I have a cheap Harley Benton JBass, a JB20 – currently £75.20 from Thomann in Germany. That’s very cheap, and you don’t expect too much. Out of the box, I’d describe it as OK, and attractive enough, not great, but OK. One good point is that it seems to stay ruthlessly in tune. This is probably due to the bodywork, which is solid wood, and not MDF or plywood that you often get in cheap guitars. I since bought another bass, which is my main one now, and, due to my rather soft skin, I restrung it with Nylon covered strings. It sounds great, but very smooth, and doesn’t have that “twang” that you need with songs like “Substitute”.
So I thought I’d try something on the JB20: a set of traditional medium weight Rotosound roundwound strings. These were all the craze in the 60s, John Entwistle being a user. These, coupled with the very solid bodywork of the HB, resulted in a major transformation! Even before plugging the bass into an amp, I could hear the difference, though the strings did not look or feel all that different, but I got an audible twang replacing the dead sound of the unamplified original strings. I tuned the strings using an online site called tunemybass, gave them a week to stretch and tuned them again.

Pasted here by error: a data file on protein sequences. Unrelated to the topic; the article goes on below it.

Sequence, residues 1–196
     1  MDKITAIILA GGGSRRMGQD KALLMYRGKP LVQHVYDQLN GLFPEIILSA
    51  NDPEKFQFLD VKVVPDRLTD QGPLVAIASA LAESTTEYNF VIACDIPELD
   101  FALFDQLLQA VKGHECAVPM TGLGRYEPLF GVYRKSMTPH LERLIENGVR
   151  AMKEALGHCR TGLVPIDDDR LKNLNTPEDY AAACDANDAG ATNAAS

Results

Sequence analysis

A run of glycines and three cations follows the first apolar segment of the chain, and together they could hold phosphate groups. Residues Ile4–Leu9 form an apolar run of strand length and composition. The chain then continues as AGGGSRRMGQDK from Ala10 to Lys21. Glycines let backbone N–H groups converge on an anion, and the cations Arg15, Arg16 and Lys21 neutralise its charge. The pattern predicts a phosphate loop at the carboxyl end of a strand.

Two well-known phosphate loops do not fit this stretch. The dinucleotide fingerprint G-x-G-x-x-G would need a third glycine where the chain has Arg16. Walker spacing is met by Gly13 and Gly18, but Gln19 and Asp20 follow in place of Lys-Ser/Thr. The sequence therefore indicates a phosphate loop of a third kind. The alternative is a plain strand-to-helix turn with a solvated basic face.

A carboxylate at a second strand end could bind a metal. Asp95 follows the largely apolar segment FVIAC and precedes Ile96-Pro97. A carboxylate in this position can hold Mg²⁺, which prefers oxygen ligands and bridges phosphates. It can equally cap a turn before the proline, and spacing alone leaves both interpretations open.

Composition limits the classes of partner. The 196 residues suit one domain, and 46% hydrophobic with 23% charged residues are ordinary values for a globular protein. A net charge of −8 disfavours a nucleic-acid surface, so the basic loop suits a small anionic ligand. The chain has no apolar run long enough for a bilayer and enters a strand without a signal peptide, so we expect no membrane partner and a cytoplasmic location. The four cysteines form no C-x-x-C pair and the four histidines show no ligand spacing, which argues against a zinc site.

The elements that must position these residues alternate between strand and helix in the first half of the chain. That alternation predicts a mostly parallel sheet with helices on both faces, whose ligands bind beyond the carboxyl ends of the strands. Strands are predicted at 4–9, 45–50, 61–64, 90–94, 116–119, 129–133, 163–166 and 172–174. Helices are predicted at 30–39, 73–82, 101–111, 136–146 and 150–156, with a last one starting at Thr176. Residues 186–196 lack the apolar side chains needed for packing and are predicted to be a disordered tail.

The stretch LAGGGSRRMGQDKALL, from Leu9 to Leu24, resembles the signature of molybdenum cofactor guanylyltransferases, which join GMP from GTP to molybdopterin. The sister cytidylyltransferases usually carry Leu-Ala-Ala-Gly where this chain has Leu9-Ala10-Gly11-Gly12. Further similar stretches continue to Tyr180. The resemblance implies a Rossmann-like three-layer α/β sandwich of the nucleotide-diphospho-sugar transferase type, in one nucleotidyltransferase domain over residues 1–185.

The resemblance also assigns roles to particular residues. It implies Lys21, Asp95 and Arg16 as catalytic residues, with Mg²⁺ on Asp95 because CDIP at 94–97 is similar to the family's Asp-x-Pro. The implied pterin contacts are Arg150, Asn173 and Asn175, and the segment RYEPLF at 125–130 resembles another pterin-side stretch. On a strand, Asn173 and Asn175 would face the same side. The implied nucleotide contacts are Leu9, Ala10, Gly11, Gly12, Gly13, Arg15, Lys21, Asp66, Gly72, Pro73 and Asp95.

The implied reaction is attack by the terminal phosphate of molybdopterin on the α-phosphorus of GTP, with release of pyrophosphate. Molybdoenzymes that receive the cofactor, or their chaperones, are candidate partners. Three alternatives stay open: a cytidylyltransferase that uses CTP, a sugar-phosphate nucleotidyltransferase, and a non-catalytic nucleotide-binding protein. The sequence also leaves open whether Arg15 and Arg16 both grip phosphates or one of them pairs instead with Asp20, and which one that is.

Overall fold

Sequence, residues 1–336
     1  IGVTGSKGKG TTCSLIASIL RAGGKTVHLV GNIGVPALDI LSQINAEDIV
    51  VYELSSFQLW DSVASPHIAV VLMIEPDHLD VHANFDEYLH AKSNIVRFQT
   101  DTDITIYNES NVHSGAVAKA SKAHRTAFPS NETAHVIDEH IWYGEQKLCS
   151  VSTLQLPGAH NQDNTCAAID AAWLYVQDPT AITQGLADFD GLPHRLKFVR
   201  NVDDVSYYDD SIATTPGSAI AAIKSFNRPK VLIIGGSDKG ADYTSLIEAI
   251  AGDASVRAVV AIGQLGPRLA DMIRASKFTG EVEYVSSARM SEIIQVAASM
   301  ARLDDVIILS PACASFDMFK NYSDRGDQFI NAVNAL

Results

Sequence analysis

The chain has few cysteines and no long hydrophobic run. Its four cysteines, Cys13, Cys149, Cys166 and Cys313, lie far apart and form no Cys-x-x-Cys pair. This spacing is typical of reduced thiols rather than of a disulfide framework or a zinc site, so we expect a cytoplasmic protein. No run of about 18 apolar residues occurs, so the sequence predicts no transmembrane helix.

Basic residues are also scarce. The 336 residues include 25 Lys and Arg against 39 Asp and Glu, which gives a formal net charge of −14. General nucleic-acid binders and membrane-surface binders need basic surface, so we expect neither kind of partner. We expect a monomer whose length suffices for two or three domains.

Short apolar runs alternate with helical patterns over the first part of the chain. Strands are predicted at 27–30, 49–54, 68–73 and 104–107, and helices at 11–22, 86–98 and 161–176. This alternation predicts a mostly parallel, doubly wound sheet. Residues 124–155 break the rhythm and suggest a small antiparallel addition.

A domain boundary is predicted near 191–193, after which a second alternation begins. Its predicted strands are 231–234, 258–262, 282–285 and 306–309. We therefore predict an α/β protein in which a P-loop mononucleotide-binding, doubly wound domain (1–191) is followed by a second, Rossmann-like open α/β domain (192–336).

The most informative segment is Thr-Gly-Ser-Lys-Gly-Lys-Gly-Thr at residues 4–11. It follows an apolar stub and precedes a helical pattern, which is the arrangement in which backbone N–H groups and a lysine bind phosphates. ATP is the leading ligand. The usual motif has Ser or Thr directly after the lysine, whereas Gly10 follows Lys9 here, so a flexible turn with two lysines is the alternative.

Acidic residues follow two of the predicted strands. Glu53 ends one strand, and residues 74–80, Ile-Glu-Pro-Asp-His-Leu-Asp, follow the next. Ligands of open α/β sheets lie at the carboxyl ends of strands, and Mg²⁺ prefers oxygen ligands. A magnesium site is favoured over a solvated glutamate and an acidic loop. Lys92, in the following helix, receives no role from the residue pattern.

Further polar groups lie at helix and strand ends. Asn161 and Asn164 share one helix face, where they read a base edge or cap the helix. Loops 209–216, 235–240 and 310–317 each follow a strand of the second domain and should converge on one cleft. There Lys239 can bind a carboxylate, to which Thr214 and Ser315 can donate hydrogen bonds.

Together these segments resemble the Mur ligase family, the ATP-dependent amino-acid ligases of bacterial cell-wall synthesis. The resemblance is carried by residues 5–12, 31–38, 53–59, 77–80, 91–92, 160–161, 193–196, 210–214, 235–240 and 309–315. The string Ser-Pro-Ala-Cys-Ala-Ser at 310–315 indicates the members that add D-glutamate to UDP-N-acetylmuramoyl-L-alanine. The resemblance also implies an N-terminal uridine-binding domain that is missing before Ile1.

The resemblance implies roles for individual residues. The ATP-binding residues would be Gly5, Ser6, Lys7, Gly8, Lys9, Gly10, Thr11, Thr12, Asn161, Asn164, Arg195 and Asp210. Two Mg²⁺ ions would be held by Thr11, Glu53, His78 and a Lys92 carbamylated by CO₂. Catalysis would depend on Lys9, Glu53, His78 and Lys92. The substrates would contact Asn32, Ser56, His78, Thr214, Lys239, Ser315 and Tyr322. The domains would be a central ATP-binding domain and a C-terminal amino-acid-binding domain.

Since then it’s stayed in its bag for a few weeks, but last night at practice I decided to put it to the test, and used it for Substitute and When You’re Young, with a pick. Wow! It won’t work for the majority of songs, but for those it made all the difference, bringing them to life. Oh, and hadn’t wandered out of tune, not even slightly.
Teamed up with a Behringer BDI-21 bass pedal (it seems to correct impedance problems even when not switched in) and noisefree leads (Boston Braided Pro), I’ve got a great “60s Beat sound”, which complements the other bass, a customised Fender Squier, which sounds really smooth.
So if (when, I hope!) you come to see coLLibosher play, if you see me swapping basses between songs, I’m not being a pretentious git. It really does make a difference!